Writing your First Python Falcon API

Writing your First Python Falcon API

2016, Nov 09    

Whats up guys, well I have been super busy lately and hardly got any spare time to put together what I have been learning lately. Anyways, I would like to share my catch on using the super awesome Falcon for API based services. The reason Falcon is at the top is obviously due to its ultimately streamlined structure. This is clearly understandle if you are coming from Django or even from Flask frameworks or any of that sort. Since, Falcon is structured with API based works in mind, it doesn’t come with any templating engine. But this can easily be solved using Jinja2 or any that you wish, though I don’t see why anyone would head that way!

Alright then, let’s dive into creating our first Falcon app that listens to some basic GET and POST requests handled by our server. Am going to be using a Python Virtual environment to work on the project, but you can do without it. So fire up your favourite terminal, and let’s get started.

  • We need to make a project folder in-order to work on our API.
$ mkdir myapi
  • Now take your favourite terminal for a dive into the newly created folder (myapi)
$ cd myapi
  • Now setup a Virtual environment so that you can work within it. Am gonna be using virtualenv for this. If you have got your choices, go ahead and fire it up as well.
$ virtualenv venv  
$ . venv/bin/activate

If you face an error where the terminal is probably stating that it doesn’t know what the hell is virtualenv, just ask it to install through Python’s pip (with proper permissions!).

$ pip install virtualenv

and then run the command again, you should be good to continue.

  • Now we need create the <some crazy named>.py that will be served by WSGI servers like Gunicorn. In the file, lemme call mine as myapi.py itself so that it makes it easier to relate, import these two for now.
# myapi.py
import falcon  
import json
  • So, in Falcon, our api apps are nothing but instances of the falcon.API() which are run on WSGI Servers. So next, we need to do the same for our myapi app.
api = falcon.API()
  • Now we create a Resource class that is going to handle the requests.
# ... imports and api instance ...
class MyAPI(object):
  # ... class body ...
  • To handle the GET requests, we need to define on_get() function. So let’s see how this is done.
class MyAPI(object):
  def on_get(self, req, resp):
    # ... do the fun here ...
  • Since there is nothing magical happening in this app of ours, let’s just say everything is fine with GET request, and hence sent a HTTP 200, OK response. To do this,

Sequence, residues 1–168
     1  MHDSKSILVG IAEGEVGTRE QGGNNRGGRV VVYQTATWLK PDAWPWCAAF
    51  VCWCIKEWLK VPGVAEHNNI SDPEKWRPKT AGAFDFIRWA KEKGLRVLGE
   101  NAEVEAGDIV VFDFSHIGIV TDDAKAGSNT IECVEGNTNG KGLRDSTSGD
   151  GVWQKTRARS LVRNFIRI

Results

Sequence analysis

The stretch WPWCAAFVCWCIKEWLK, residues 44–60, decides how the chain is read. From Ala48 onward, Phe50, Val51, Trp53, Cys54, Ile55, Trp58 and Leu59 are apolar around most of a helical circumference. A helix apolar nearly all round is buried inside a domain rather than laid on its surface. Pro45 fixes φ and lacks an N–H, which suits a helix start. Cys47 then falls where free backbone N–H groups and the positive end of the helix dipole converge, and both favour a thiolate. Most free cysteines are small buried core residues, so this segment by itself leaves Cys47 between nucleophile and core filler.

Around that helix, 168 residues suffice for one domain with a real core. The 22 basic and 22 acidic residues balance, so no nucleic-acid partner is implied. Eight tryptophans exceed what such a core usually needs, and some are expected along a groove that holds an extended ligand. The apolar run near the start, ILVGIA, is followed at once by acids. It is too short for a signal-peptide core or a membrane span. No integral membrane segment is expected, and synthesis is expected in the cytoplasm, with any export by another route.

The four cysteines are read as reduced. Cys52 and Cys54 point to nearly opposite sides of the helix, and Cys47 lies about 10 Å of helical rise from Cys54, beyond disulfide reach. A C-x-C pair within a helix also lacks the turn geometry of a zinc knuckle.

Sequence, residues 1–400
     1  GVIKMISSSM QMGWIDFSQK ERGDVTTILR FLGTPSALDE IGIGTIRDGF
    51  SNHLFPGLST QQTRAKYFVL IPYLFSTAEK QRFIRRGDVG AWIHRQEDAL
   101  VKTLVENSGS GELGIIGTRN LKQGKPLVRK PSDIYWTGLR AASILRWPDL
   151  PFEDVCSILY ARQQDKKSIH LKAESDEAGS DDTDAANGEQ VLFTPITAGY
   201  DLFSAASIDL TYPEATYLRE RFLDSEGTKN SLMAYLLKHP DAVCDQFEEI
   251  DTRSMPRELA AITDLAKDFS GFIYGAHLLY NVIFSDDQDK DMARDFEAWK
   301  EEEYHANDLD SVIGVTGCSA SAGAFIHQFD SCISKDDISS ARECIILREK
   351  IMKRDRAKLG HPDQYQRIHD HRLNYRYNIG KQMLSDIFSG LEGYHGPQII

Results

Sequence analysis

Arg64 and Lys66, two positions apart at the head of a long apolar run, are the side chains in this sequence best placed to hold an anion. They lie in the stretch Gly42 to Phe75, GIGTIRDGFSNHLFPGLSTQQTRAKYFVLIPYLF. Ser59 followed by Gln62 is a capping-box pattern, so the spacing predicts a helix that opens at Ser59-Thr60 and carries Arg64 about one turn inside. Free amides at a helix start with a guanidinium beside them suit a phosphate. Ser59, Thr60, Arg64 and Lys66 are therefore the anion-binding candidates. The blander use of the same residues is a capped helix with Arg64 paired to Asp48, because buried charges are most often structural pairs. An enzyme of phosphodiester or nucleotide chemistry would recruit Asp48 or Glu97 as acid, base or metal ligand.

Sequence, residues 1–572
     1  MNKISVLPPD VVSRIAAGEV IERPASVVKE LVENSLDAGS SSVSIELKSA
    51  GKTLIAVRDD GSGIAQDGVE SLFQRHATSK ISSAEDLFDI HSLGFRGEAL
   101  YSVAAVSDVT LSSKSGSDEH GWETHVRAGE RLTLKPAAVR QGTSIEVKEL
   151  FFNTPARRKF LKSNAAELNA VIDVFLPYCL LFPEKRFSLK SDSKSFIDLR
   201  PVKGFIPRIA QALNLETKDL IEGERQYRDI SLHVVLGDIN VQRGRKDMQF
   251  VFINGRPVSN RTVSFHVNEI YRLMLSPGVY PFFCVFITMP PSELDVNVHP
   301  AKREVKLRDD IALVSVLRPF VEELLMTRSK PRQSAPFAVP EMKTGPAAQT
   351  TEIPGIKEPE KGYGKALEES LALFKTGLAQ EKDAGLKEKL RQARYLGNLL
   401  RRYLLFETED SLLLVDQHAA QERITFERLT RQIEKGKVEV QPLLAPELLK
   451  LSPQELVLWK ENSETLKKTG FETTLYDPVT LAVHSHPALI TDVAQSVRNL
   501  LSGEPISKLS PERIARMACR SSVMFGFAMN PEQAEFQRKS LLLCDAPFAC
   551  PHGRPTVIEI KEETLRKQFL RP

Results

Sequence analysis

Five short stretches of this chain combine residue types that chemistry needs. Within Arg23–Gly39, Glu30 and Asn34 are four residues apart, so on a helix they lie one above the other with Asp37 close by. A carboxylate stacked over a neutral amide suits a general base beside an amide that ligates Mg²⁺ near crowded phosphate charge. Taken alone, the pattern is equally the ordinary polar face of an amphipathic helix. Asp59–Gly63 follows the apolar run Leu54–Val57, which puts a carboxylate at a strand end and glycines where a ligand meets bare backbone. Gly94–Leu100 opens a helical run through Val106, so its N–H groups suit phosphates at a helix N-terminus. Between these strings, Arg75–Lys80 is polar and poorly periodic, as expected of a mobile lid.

def on_get(self, req, resp):
  resp.status = falcon.HTTP_200 # all good GET : OK
  resp.body = json.dumps({
    'message' : 'GET request is received and this is my response.'
  • Now let’s add a POST request handler, and do the same response for it.
def on_post(self, req, resp):
  resp.status = falcon.HTTP_200 # all good with POST : OK
  resp.body = json.dumps({
    'message' : 'POST request is received and this is my response.'
  • All that we need to do now is add a url route so that we can map our Resource class to do the job when that url(route) is requested by the client. To do this,
  • With this, the app will basically respond to the GET and POST request on /myapi url route.
  • Before firing up the server, we need to install the required packages falcon that we imported as we are on a fresh virtualenv. For those who aren’t, you might be ok without the steps below.
  • I normally use the pipreqs to generate the traditional requirements.txt file opposed to the pip freeze. pipreqs looks into the project import statements and creates the requirements.
  • Take the teminal and install pipreqs if you haven’t by (assuming proper permissions!)
$ pip install pipreqs
  • Assuming you have not wandered off from the project root in the terminal, type this command to generate requirements file using pipreqs in the root directory.
$ pipreqs ./
  • Now install the requirements.
$ pip install -r requirements.txt
  • Go ahead and run your app.
$ gunicorn myapi:api

I suggest you using a good REST Client like Insomnia RESTClient to test your APIs.